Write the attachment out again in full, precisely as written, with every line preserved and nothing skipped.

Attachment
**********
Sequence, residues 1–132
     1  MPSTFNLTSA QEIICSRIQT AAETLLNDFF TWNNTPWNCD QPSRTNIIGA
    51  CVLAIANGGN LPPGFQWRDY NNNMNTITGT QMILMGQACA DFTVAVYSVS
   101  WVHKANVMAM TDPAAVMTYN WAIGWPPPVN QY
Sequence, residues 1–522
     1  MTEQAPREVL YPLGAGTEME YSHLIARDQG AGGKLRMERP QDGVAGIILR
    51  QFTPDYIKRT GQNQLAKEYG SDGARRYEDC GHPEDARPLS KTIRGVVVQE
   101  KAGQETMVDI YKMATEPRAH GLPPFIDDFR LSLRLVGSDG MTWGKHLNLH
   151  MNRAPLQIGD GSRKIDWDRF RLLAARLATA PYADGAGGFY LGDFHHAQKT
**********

Sequence, residues 1–132
     1  MPSTFNLTSA QEIICSRIQT AAETLLNDFF TWNNTPWNCD QPSRTNIIGA
    51  CVLAIANGGN LPPGFQWRDY NNNMNTITGT QMILMGQACA DFTVAVYSVS
   101  WVHKANVMAM TDPAAVMTYN WAIGWPPPVN QY
Sequence, residues 1–522
     1  MTEQAPREVL YPLGAGTEME YSHLIARDQG AGGKLRMERP QDGVAGIILR
    51  QFTPDYIKRT GQNQLAKEYG SDGARRYEDC GHPEDARPLS KTIRGVVVQE
   101  KAGQETMVDI YKMATEPRAH GLPPFIDDFR LSLRLVGSDG MTWGKHLNLH
   151  MNRAPLQIGD GSRKIDWDRF RLLAARLATA PYADGAGGFY LGDFHHAQKT